How’s It Hanging?

“Danger” is perhaps too strong a word, but anytime you’re dealing with heavy metal parts, there’s always a risk of bodily injury.

This risk is heightened a little bit every time you move the part – for instance, transporting it from the parking lot to the blasting booth, then to the pretreatment booth, then to the powder coating booth, then to the oven. Each transition has potential for crushed toes, strained backs, and broken bones.

At Kaser, we help mitigate that risk by hanging the part on large, wheeled racks. Putting the part on wheels not only makes it easier to move, but also allows us the access we need to pretreat and powder coat every side. While we occasionally get creative with wire and chains, the most secure, least invasive way to hang a part is always to put a hook through a hole.

I’ll say it again, because customers often overlook this: we really need holes in the part so that we can hang it securely.

For instance, we have a lot of railing in the shop right now that comes with one vertical post with horizontal tubes welded to it to make the railing. The vertical post is easy to hang from the holes in the footplate; the horizontal tubes, however, are just a solid length of round tube that stretches about 7 feet.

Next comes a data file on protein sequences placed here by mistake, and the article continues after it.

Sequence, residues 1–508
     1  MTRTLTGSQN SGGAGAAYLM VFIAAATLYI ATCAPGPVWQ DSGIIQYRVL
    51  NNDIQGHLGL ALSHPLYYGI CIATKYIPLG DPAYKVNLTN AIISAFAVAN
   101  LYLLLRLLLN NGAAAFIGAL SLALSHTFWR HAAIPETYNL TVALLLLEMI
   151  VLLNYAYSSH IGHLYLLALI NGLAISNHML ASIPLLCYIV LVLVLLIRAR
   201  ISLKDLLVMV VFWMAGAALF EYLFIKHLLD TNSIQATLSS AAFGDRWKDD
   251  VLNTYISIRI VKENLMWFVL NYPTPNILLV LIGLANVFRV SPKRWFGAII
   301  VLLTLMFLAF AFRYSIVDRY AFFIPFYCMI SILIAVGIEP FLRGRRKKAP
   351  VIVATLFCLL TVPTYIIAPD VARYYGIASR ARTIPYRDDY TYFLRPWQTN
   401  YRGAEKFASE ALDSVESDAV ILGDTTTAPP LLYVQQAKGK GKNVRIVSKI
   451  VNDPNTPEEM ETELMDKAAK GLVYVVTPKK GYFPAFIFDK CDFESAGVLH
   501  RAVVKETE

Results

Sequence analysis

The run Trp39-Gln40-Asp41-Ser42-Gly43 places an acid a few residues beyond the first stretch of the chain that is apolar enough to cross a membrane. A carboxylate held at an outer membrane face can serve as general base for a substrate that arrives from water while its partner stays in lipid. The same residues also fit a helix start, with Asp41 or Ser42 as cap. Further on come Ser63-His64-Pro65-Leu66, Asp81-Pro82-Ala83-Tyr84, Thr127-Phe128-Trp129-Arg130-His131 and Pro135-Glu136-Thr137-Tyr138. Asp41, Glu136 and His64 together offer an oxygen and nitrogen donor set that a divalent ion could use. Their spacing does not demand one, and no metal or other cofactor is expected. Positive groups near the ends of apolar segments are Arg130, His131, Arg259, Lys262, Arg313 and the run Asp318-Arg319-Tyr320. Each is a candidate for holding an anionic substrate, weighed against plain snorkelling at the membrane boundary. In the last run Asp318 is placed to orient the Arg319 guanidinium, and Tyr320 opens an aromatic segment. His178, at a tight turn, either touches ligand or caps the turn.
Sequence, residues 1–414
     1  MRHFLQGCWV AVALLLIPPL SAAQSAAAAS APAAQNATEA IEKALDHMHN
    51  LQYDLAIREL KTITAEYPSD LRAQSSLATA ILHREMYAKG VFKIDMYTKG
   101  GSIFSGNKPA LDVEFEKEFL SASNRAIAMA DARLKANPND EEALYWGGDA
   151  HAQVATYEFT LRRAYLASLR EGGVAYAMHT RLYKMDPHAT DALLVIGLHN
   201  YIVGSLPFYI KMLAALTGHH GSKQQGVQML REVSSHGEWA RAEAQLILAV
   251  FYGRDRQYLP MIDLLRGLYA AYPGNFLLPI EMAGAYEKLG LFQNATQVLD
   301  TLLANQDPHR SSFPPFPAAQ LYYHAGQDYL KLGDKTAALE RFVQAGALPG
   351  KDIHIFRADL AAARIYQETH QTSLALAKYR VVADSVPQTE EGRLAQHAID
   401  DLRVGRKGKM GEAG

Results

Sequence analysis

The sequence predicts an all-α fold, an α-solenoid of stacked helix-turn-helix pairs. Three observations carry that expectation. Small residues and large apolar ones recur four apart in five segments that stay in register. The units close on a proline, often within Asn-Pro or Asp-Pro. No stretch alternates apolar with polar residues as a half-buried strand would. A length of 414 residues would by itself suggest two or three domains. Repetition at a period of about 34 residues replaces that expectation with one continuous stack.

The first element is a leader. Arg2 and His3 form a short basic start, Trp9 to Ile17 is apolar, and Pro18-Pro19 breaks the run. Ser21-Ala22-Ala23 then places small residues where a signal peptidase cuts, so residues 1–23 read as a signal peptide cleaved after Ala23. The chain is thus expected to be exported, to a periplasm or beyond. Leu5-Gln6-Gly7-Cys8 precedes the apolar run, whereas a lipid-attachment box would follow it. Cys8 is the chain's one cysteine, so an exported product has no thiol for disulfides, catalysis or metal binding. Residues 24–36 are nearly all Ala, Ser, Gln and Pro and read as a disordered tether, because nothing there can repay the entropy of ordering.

With no hole drilled in the end of tube to hang from, we have to be creative. We might be able to hang it by hooking at the open end of the tube. However, depending on the weight of the railing, we’re running the risk of it falling off the hook, swinging and injuring someone, or bending on itself because the tubes are in a cantilever state (fixed to the post on one end and unsupported on the other end).

Ideally, we’d have multiple holes available to us for hanging, ensuring more security and better weight distribution.

While wire and chain can be helpful in these instances, I like to remind customers that anything rubbing up against the part will interfere with the powder coating application, and will result in us needing to do touch-ups with liquid paint after the curing process. This can be trickier than it sounds, particularly if we have to match an unusual color.

Obviously, hanging dilemmas, liquid touch ups, and color matching all add time, manpower, risk, and cost to the overall project.

If you want to avoid the added cost, consider drilling strategically-placed hanging holes into your part before bringing it to us. Particularly with railing, there’s almost always a way to ensure that that hole will be invisible after installation. It’s a quick, easy fix that saves us time, saves you money, and will go unnoticed after the part is installed.

The size of the hole should depend upon the weight of the part. We can help you strategize based on the kind of hook we’ll need to use. And of course, if you want us to do the drilling, we can – with the caveat that as always, doing it yourself ensures proper hole placement and the most money saved.

With just a little bit of planning and a couple of well-placed holes, you could find yourself saving some money.



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